Psychology

Department Spotlight

Psychology Professor's Invited Seminar on Instilling Hope Timely in Light of Recent Political Debate

The Ecumenical Center for Religion and Health has invited Whitworth Associate Professor of Psychology Patricia Bruininks, Ph.D., to present a seminar on the subject of hope – her chief scholarly interest – in May 2008 in three Texas locations. Bruininks will present the seminar, "Instilling Hope in Counseling and Psychotherapy," to counselors and ministers in San Antonio, Laredo and McAllen.

Bruininks' goal for the seminar is to lend insight into how counselors and clergy can instill the multidimensional emotion of hope in their clients and parishioners. During her presentation, she will address questions including: What are the sources of hope? What traits and/or life experiences are associated with hopeful people? What are the potential psychological and physical benefits of hope? What are the potential consequences? How does one’s culture affect one’s hope? How do we instill hope in others?

"I find Dr. Bruininks work to be particularly timely and relevant in light of the recent political debate about what it means to hope," says Whitworth Associate Professor of Psychology and Department Chair Noelle Wiersma. "Her findings lend particular insight to the emphasis on hope in the Barack Obama presidential campaign and challenges detractors who would characterize hope as naive or uninformed. Specifically, Patty's work asserts that hope is not the same thing as blind optimism or wishful thinking. An in-depth and empirical exploration of hope reveals that it is possible to maintain a hopeful stance and a realistic sense of the present state of affairs and viable mechanisms of change at the same time."

The Ecumenical Center offers a Specialty in Pastoral Counseling course and community-based workshops for clergy and lay leaders in the Rio Grande Valley. These programs were created especially with and for Latino and Latina pastors of South Texas. Bruininks' Laredo and McAllen seminars will be translated into Spanish.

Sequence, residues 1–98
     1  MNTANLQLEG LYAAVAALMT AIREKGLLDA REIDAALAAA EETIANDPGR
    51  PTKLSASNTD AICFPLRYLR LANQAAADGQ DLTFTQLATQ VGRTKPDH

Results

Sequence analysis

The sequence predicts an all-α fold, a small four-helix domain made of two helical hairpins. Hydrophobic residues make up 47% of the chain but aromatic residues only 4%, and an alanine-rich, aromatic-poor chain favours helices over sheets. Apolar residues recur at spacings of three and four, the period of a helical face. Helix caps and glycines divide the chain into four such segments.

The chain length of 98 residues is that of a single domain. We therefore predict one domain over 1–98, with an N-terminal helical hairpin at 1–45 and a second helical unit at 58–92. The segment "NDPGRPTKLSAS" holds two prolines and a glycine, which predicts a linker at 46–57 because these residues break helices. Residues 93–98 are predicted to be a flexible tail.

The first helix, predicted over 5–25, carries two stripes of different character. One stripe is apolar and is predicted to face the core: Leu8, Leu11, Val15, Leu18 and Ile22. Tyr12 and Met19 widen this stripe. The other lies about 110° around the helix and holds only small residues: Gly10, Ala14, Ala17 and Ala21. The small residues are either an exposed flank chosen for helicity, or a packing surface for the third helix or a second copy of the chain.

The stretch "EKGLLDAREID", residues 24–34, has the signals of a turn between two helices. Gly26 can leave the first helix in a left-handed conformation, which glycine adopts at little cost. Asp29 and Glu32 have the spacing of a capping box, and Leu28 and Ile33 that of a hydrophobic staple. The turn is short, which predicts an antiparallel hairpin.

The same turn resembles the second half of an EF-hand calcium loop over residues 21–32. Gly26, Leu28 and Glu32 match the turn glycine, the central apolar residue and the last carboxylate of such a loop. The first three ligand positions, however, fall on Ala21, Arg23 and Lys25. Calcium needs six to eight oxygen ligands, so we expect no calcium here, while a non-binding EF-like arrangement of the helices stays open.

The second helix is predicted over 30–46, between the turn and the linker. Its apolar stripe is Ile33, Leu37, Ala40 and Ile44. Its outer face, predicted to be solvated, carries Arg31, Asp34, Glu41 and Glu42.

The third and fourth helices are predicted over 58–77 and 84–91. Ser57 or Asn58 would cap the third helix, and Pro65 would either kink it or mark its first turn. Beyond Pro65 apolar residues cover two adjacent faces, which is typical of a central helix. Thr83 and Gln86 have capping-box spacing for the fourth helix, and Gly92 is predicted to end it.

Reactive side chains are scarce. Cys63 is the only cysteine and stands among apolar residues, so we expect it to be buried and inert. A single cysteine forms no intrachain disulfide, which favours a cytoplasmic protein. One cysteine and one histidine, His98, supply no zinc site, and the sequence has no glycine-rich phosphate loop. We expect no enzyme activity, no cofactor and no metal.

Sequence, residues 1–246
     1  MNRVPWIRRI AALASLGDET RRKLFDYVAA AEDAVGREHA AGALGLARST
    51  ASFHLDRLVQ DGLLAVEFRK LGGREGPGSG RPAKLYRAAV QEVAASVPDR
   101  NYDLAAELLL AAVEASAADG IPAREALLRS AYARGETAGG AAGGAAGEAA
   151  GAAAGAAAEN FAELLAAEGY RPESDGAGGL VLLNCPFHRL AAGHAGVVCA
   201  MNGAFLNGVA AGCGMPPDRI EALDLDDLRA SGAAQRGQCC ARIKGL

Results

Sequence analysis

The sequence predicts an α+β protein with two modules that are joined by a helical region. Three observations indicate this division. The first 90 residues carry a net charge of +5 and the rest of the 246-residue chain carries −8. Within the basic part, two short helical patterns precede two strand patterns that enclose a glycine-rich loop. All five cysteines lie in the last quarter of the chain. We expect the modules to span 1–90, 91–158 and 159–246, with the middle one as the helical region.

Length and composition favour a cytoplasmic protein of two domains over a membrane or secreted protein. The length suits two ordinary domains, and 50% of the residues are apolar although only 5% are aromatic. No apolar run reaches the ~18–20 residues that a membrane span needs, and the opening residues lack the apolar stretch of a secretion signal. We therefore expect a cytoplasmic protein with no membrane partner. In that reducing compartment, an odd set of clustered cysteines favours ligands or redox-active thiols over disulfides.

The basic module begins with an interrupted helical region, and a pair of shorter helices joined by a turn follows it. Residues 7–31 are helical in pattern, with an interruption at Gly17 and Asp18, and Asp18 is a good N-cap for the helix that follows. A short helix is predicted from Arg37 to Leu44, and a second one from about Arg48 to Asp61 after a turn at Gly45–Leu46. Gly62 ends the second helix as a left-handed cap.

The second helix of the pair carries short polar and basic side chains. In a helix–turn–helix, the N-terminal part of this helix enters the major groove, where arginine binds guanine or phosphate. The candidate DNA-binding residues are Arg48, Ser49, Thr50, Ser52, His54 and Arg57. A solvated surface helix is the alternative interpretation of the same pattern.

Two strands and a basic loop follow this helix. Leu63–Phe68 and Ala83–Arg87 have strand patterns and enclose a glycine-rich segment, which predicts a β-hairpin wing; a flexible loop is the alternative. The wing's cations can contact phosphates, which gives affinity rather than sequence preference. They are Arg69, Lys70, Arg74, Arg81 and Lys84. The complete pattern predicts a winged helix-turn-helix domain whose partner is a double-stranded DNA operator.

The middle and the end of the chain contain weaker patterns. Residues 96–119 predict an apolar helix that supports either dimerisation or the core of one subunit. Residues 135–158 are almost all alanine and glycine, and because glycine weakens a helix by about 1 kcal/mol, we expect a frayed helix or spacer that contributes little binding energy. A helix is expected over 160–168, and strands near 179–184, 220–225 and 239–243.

The Ecumenical Center provides faith-based counseling and education to help people find healing, growth and wellness. Since 1967, they have served as a catalyst to bring together community leaders in the research, education, medical and mental-health professions. For more information on the center, please visit www.ecrh.org.  

Bruininks, who joined the Whitworth psychology department in fall 2007, holds a Ph.D. and an M.S. from the University of Oregon and a B.A. from Hope College. In addition to the subject of hope, her areas of research and expertise include emotion and decision-making; positive psychology; and the psychology of love.

Her recent publications include co-author of "Distinguishing Hope from Optimism and Related Affective States" published in Motivation and Emotion (2005) and "Defining and Measuring Hope" published in Dissertation Abstracts International (2002). Bruininks' invited talks include "Understanding the Process, Sources and Temporal Nature of Hope" at the Institute of Theology, Imagination and the Arts Research Colloquium, St. Mary's College, University of St. Andrews, Scotland (2006), and "The Distinguishing Characteristics of Hope and Optimism" at the University of Arkansas (2004).

Bruininks was the recipient of the 2005 Martin Seligman Award for Outstanding Dissertation Research in Positive Psychology and a 2002 Positive Psychology Summer Institute Research Award. She was also the co-recipient of a 2004 grant from The Institute for Research on Unlimited Love to develop a course on scientific and religious perspectives on love.

 

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